Picts. The first family to use the name Kinkend lived in the barony of Kinghorn in the county of Fife. The surname Kinkend belongs to the category of habitation names, which are derived from pre-existing names for towns, villages, parishes, or farmsteads.
Early Origins of the Kinkend family
Fife, at the historic former Royal Burgh of Kinghorn, now a town which derives its name from the Scottish Gaelic Ceann Gronna, meaning "head of the marsh" or "head of the bog." Perhaps best known as the place where King Alexander III of Scotland died, this town is steeped in history including the former castle in Kinghorn which was frequently visited by the Scottish Court in the period of the House of Dunkeld. No trace of the castle can be found today. King Alexander III returned here to see his new wife Yolande of Dreux, but fell from his horse on the way and was found dead on the beach of Pettycur bay.
Early History of the Kinkend family
This web page shows only a small excerpt of our Kinkend research.
Another 239 words (17 lines of text) covering the years 1200, 1292, 1296, 1597 and 1513 are included under the topic Early Kinkend History in all our PDF Extended History products and printed products wherever possible.
Kinkend Spelling Variations
Repeated and inaccurate translation of Scottish names from Gaelic to English and back resulted in a wide variety of spelling variations with single names. Kinkend has appeared Kyngorn, Kinghorn, Kinghorne, Kingorn, Kynghorn, Kyngorne, Kynghorne, Kinghan and many more.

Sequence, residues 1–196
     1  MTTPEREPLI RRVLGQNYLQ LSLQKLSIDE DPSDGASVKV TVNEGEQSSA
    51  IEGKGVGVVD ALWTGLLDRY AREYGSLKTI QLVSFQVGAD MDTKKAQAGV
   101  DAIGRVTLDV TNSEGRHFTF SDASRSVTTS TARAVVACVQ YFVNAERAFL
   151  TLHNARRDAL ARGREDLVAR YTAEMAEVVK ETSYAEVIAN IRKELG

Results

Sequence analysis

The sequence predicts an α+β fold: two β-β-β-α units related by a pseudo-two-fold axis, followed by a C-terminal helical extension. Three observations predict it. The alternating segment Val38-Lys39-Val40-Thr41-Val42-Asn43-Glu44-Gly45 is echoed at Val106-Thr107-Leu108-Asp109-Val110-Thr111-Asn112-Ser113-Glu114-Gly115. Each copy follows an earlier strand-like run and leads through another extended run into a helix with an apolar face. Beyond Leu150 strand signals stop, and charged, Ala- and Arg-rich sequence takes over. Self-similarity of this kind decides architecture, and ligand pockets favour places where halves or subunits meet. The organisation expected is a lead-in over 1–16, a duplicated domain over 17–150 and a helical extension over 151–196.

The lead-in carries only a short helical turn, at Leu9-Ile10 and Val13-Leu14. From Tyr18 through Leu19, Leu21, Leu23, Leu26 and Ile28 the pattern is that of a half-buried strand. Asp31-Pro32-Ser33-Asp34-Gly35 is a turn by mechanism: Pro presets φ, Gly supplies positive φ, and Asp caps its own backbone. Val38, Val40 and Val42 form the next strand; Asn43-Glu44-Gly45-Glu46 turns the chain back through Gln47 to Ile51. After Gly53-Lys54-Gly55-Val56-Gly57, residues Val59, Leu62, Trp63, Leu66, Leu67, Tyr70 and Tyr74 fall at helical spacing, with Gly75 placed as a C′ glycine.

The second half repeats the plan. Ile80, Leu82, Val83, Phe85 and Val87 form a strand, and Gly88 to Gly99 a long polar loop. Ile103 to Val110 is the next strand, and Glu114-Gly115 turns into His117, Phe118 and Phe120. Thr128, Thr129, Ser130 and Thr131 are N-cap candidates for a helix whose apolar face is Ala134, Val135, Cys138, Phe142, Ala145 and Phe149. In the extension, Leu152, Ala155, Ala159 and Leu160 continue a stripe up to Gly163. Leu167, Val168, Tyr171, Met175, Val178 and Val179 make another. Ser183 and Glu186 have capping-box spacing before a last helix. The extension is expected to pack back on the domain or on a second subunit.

Early Notables of the Kinkend family (pre 1700)
More information is included under the topic Early Kinkend Notables in all our PDF Extended History products and printed products wherever possible.
Migration of the Kinkend family to Ireland
Some of the Kinkend family moved to Ireland, but this topic is not covered in this excerpt.
Another 155 words (11 lines of text) about their life in Ireland is included in all our PDF Extended History products and printed products wherever possible.
Migration of the Kinkend family to the New World and Oceana
Many Scottish families suffered enormous hardships and were compelled to leave their country of birth. They traveled to Ireland and Australia, but mostly to the colonies of North America, where many found the freedom and opportunity they sought. It was not without a fight, though, as many were forced to stand up and defend their freedom in the American War of Independence. The ancestors of these Scots abroad have rediscovered their heritage in the last century through the Clan societies and other organizations that have sprung up across North America. Immigration and passenger ship lists show some important early immigrants bearing the name Kinkend: James Kinghorn who landed in America in 1771; William Kingham settled in Barbados in 1674; Thomas Kingham settled in Maryland in 1722.
The Kinkend Motto
The motto was originally a war cry or slogan. Mottoes first began to be shown with arms in the 14th and 15th centuries, but were not in general use until the 17th century. Thus the oldest coats of arms generally do not include a motto. Mottoes seldom form part of the grant of arms: Under most heraldic authorities, a motto is an optional component of the coat of arms, and can be added to or changed at will; many families have chosen not to display a motto.
Motto: A favore regis nomen
Motto Translation: The popularity of the name
Kinkend Family Crest Products